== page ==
While several ballot initiatives nationwide show there has been a change in how the general public perceives same-sex relationships, sexual orientation is still not a protected class under Title VII of the Civil Rights Act.
Recent case: Sharon worked as a social worker for the state for about three months. She claimed that she was fired after disclosing to a client that she is a lesbian. She asked the client if she was gay, too. Sharon applied for other North Carolina state employee positions but wasn’t hired for any of them.
She sued, representing herself. She argued that she had been fired because of her sexual orientation.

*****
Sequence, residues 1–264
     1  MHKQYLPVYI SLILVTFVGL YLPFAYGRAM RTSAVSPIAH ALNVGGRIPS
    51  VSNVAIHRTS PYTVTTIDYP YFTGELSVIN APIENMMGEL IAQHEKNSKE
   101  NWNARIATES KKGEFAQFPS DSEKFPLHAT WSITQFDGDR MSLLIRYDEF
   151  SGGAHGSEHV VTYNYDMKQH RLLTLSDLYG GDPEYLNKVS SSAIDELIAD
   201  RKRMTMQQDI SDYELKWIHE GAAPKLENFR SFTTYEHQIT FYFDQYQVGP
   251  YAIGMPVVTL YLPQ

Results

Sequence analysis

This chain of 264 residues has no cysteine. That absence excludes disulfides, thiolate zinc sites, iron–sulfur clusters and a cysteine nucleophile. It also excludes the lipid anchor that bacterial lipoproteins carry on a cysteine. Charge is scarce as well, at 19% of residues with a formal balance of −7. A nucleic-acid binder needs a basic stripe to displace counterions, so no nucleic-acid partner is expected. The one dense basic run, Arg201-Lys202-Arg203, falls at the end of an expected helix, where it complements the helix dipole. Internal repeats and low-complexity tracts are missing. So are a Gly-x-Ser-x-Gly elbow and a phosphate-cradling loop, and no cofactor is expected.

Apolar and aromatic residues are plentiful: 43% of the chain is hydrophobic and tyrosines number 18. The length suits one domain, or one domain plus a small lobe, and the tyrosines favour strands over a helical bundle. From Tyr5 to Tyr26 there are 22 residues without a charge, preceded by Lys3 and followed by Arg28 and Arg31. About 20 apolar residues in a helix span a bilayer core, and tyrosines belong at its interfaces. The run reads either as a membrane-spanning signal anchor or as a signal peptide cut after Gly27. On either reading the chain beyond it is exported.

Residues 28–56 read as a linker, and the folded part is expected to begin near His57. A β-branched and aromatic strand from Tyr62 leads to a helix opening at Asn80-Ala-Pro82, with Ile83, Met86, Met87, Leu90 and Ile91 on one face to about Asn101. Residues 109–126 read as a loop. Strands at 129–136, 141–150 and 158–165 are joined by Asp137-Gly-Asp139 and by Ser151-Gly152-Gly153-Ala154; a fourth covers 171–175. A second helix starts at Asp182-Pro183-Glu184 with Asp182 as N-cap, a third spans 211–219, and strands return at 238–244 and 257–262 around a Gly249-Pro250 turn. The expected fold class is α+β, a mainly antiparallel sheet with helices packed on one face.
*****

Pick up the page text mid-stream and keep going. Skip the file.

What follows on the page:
The court tossed out her case, reasoning that even if Sharon had been fired because of her sexual orientation, that isn’t illegal under Title VII. (Thomas v. State of North Carolina, et al., No. 3:12-CV-00038, WD NC, 2013)
- How to Fire an Employee the Legal Way: 6 Termination Guidelines
- San Francisco janitors, former employer settle race-bias suit
- Remind bosses about legal risk of 'make workers so miserable they quit' strategy
- Remove bias suspicion: Make firing a group decision
- Addiction isn't a license for unacceptable behavior.